“Home is Where the Wine is”
If you read the label, Tavernello Vino Rosso is the #1 selling wine in Italy. Yes, it is plain as day, written in black letters on a golden background, displayed on a mildly ornate label. This is traditionally described as a true “Vino di Tavola,” or table wine. Now in recent years, this type of wine has lost some favor on the “boot” primarily due to stricter winemaking and labeling laws in Italy, but has nothing to do with the actual quality of the wine. In fact, throughout the 1980’s and 90’s table wine tended to be more expensive. Some wines bearing this classification that came from Tuscany, the premier winemaking region in Italy, later came to be known under the newly-created label of “Super-Tuscans.” Because it is a true table wine its origins are not traced and it contains many different types of grapes from various vintages.
I think it is important to note that Tavernello wine is a product of the Caviro wine cooperative of Italy. Begun in 1966 in Emilia-Romagna, the cooperative has steadily grown since and currently enhances 12800 wine growers in 7 Italian provinces and accounts for 10% of all the grapes harvested in Italy. This is the largest winery in Italy. Now, this position entrusts this winery with a responsibility of creating and producing blended wines of all types and distributing a high quality product worldwide.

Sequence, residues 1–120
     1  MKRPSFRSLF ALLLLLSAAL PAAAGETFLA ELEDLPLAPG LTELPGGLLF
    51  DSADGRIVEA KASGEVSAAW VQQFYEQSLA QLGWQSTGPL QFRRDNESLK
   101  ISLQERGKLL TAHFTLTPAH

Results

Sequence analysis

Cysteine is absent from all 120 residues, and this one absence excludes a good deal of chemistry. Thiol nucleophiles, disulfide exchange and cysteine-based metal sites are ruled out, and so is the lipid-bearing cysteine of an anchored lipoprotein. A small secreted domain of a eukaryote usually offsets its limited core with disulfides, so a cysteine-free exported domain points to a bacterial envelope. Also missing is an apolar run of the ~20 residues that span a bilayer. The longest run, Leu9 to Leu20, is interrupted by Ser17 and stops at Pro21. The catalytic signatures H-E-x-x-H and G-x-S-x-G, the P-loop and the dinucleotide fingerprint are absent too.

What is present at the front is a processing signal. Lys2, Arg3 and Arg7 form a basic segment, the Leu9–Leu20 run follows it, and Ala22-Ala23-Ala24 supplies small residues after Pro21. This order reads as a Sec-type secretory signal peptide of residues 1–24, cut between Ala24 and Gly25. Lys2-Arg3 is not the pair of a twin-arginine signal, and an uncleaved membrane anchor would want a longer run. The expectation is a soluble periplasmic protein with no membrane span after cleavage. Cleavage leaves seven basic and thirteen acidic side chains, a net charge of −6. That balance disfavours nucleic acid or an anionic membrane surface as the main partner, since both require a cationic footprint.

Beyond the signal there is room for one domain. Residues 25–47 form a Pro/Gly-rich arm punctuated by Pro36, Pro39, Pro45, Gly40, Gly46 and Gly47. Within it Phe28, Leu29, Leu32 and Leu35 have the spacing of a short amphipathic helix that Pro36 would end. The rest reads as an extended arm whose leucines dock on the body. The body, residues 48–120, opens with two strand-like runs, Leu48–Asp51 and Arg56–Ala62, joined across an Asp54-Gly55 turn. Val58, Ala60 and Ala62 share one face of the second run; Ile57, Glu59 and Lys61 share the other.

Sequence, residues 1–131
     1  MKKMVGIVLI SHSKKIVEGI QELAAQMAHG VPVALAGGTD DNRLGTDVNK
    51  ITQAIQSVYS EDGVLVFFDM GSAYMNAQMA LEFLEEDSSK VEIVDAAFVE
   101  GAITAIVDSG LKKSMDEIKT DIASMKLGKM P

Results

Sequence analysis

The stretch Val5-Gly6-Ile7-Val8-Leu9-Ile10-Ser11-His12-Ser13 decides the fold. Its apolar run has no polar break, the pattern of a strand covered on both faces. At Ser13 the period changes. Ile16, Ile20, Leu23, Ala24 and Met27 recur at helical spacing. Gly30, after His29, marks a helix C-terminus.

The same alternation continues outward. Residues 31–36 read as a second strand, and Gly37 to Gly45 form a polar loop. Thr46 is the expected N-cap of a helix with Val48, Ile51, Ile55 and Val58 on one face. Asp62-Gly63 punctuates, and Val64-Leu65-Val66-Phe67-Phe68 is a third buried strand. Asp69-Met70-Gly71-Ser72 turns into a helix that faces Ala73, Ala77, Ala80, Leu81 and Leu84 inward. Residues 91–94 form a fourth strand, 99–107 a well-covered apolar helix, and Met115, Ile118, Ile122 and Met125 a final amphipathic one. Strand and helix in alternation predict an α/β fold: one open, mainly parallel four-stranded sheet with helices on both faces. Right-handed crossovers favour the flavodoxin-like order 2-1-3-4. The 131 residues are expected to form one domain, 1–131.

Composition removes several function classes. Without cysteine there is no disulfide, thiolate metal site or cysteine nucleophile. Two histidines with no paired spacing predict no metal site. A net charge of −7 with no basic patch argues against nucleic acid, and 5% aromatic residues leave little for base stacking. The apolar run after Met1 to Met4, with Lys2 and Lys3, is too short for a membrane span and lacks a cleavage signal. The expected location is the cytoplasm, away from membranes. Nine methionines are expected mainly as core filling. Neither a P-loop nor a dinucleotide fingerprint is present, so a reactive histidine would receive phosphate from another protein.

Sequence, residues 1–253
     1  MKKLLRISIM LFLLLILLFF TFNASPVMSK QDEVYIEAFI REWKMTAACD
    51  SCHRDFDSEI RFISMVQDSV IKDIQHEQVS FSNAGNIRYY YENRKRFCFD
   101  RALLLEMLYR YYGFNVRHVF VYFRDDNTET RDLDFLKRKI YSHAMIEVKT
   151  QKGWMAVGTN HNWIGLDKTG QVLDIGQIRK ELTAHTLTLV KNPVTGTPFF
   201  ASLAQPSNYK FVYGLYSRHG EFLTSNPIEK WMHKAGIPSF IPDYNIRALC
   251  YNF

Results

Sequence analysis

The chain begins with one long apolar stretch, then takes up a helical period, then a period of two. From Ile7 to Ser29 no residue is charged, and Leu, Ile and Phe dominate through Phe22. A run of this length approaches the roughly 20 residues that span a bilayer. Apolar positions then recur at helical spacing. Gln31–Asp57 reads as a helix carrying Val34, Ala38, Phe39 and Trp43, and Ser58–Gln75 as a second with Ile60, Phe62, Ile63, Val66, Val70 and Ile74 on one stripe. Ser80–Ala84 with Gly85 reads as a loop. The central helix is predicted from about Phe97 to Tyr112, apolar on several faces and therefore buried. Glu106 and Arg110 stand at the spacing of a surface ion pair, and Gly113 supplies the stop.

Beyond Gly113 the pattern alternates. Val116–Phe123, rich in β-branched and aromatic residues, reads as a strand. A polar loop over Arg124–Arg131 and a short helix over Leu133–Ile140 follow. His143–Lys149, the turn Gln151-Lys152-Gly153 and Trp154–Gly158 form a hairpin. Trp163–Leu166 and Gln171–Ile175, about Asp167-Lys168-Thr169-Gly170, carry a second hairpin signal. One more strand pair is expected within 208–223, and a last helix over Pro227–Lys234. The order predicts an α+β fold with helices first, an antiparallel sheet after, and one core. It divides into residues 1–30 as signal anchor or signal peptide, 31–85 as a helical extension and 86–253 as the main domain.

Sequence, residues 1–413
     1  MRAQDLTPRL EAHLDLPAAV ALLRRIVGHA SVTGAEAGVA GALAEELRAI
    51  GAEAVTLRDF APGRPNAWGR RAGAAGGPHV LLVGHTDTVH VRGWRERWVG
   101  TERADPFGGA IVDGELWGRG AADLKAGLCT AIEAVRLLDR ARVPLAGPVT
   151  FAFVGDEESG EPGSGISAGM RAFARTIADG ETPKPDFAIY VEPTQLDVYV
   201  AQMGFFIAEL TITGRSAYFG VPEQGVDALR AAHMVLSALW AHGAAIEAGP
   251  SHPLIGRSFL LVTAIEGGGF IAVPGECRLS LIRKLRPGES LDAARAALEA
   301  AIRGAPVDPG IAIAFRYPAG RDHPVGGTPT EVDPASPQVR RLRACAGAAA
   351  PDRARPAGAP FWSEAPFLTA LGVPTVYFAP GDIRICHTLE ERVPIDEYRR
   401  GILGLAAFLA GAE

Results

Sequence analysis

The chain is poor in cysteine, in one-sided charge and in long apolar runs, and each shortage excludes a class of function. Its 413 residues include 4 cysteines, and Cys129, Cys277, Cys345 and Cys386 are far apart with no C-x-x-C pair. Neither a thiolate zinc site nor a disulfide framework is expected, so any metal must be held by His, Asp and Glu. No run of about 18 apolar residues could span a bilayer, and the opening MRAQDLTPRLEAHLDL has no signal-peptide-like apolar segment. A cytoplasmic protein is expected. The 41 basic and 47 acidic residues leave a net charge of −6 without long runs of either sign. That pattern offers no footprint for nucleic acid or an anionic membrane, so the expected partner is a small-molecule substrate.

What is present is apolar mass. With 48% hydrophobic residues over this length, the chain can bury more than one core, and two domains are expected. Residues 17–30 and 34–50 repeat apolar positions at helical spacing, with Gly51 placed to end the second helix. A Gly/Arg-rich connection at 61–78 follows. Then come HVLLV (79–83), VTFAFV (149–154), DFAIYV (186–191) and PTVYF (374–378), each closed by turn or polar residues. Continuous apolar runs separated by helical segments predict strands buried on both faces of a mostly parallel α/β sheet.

Tavernello Vino Rosso is a light tasting wine with a good aroma and excellent flavor which rivals much more expensive blends. It does have a slightly fruity taste, but most of all the taste of the grape is prevalent, and this is the basis of all winemaking. It is a dry wine with no room for sweetness with a satisfying flavor and a nice bouquet which again can rival many more expensive wines. In fact, if you are a newcomer to wine tasting this would be an excellent place to start. In the glass it is a delightful purple to red color with light but distinct tannins which will not concern any drinker of this wine.
Because it is a blend of grapes from all over the cooperative it is hard to really say this wine compares to say a sangiovese or a chianti. It is much lighter than those cousins and, again because of blending, caters to a very different audience. As a table wine it is expected to enhance the flavor of the meal rather than to be noticed on its own. Frankly, it does that very well. To me, it is an unremarkable blend, but enjoyable just the same. Apparently many people in its homeland agree, as it has been a favorite for over 30 years now.
Now for the kicker. This wine is available in many wine stores, markets and on-line at an average price of about $6. Yes, $6. Not a typo. That is probably another reason that it remains so popular. But don’t be fooled by the price. Again, this is a table wine, meant to be drunk with a meal and it does mesh well with beef, pork or a weekday marinara sauce. To drink on its own as an aperitif it is probably a little too light and would not really do well. Then again, considering the price, if wine drinking is new to you it may be the perfect lead in to stronger, bolder tasting wines.